Recode reported yesterday that Vinod Khosla, the billionaire founder of Khosla Ventures, had this to say during a speaking engagement about sexual harassment in the world of venture capital: “I did not know that there was any discrimination.”
Khosla went on to say that he thought it was “rarer than in most other businesses,” and that “it’s a reality because it’s perceived as a reality." His comments came after a several week stretch that has shown just how real this discrimination is.
In June, following six allegations of sexual harassment against VC Justin Caldbeck, he released a statement and resigned from the fund he co-founded, Binary Capital. It shut down completely shortly thereafter.
On June 30, The New York Times published an article titled “Women in Tech Speak Frankly on Culture of Harassment.” In it, writer Katie Brenner spoke with female founders about being subjected to unwanted advances. They named a number of high profile VCs, including Chris Sacca and 500 Startups co-founder Dave McClure.
McClure resigned from his role at 500 Startups and his female co-founder Christine Tsai took over. Both McClure and Sacca took to Medium in an attempt to own up to their behavior, though not before being contacted by and named in a paper of record.
In his post, “I’m a Creep. I’m Sorry,” McClure wrote, “When confronted about what happened, I was at first defensive. What did I do wrong? We were just hanging out! Why are people so upset? I tried to present my crappy behavior in the best possible light. I didn’t have much empathy for the people I hurt and offended, and rather than face up to my own shallow motivations, I rationalized my actions and came up with reasons to find blame in others, rather than solely with me.”
In Sacca’s post, titled “I Have More Work to Do,” he wrote, “particularly when reflecting upon my early years in Silicon Valley, there is no doubt I said and did things that made some women feel awkward, unwelcome, insecure, and/or discouraged. In social settings, under the guise of joking, being collegial, flirting, or having a good time, I undoubtedly caused some women to question themselves, retreat, feel alone, and worry they can’t be their authentic selves. By stupidly perpetuating a culture rife with busting chops, teasing, and peer pressure to go out drinking, I made some women feel self-conscious, anxious, and fear they might not be taken seriously."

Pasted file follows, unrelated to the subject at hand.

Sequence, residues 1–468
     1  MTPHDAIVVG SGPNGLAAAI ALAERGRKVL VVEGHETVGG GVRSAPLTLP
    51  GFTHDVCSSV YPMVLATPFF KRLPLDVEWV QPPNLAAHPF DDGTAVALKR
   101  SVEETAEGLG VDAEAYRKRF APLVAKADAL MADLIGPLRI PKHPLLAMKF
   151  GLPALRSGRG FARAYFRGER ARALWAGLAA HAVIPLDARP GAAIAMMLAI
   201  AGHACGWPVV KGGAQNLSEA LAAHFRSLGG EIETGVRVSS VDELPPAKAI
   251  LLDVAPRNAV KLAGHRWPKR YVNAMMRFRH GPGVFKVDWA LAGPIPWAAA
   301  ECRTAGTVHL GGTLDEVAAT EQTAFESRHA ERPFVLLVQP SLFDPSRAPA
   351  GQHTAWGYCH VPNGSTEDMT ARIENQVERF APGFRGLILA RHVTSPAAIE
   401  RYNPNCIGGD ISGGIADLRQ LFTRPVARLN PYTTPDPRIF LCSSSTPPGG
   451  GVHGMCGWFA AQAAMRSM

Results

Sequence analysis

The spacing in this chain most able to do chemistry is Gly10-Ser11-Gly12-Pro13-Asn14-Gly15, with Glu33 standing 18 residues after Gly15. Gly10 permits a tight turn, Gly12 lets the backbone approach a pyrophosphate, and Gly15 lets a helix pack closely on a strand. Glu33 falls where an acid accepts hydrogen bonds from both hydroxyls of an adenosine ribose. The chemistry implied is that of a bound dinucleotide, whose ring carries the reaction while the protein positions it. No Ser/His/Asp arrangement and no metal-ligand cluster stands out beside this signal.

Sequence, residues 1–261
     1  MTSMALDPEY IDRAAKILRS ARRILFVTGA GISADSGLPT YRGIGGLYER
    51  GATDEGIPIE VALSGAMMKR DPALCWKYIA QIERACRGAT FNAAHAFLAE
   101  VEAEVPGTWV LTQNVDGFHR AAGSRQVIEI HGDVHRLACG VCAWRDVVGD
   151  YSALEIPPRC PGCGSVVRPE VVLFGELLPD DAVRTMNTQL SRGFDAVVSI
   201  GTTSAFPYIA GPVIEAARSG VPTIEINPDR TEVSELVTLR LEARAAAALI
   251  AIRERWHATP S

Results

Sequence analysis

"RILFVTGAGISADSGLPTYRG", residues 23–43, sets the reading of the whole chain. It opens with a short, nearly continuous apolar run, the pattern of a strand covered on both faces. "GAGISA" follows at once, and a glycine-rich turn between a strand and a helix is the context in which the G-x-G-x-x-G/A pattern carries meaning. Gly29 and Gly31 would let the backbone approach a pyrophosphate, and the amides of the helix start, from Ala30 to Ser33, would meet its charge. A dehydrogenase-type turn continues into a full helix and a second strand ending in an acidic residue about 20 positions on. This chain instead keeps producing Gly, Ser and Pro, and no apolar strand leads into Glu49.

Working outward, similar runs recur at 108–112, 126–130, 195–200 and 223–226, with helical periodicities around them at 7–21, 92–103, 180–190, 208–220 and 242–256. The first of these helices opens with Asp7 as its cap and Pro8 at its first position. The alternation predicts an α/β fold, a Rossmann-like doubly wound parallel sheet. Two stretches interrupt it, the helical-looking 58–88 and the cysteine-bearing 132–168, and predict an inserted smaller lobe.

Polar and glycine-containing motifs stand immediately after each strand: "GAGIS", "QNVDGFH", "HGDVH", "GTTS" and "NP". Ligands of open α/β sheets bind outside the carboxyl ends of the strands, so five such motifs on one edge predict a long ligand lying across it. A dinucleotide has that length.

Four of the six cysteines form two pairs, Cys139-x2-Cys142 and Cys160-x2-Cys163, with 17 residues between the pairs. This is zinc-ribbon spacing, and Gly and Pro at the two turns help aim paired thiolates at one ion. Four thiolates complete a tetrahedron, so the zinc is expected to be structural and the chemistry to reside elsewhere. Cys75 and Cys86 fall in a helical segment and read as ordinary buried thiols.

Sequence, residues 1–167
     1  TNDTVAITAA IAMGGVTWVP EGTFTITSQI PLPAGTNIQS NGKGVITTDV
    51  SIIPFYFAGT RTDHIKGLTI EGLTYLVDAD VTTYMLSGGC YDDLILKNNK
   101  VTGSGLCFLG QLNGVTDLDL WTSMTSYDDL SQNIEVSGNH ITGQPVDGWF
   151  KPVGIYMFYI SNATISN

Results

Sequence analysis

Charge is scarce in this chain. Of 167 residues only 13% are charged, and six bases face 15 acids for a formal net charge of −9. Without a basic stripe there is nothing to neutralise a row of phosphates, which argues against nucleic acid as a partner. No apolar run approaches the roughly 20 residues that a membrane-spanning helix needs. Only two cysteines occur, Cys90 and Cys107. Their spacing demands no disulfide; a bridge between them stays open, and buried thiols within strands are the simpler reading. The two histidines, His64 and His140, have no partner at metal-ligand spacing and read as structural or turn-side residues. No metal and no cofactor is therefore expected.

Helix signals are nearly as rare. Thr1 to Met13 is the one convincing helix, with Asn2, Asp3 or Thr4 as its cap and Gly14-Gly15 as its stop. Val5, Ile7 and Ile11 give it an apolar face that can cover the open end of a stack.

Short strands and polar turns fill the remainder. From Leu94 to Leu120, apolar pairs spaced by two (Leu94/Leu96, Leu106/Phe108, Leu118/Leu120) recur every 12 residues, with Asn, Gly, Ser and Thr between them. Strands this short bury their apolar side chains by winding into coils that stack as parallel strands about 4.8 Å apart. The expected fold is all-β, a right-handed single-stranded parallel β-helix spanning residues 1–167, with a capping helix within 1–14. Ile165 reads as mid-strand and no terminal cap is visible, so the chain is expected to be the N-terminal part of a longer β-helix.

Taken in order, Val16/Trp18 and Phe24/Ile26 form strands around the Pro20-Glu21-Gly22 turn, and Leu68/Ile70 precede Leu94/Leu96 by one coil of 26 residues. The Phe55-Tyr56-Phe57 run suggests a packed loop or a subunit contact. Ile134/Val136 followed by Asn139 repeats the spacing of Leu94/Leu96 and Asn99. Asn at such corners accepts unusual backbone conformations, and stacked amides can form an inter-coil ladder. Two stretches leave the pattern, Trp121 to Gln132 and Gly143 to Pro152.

In response to this series of high profile incidents, Valerie Aurora, principal consultant at Frame Shift Consulting, a firm that helps companies promote diversity and inclusion, and Leigh Honeywell, the co-founder of female-driven makerspaces HackLabTO and the Seattle Attic Community Workshop, shared what they call “The Al Capone theory of sexual harassment.”
The pair explained what the infamous crime boss -- who was caught for the relatively prosaic felony of not paying taxes rather than the more garish ones he committed -- has to do with Silicon Valley’s culture of harassment.
“The U.S. government recognized a pattern in the Al Capone case: smuggling goods was a crime often paired with failing to pay taxes on the proceeds of the smuggling. We noticed a similar pattern in reports of sexual harassment and assault: often people who engage in sexually predatory behavior also faked expense reports, plagiarized writing, or stole credit for other people’s work. … All of these behaviors are the actions of someone who feels entitled to other people’s property -- regardless of whether it’s someone else’s ideas, work, money, or body.”
Which is to say, as founders, you have a responsibility to your employees to build organizations where people feel that they are safe and can do their best work. Once you are in a position to hire or partner, as you do your due diligence about the backgrounds of the people you bring into your orbit, you cannot ignore or brush aside this kind of behavior as one-off incidents or just the way things are. To do so is to allow harmful actors to thrive while the environment around them suffers. Because to quote the late educator, author and activist Maya Angelou, "when someone shows you who they are, believe them the first time."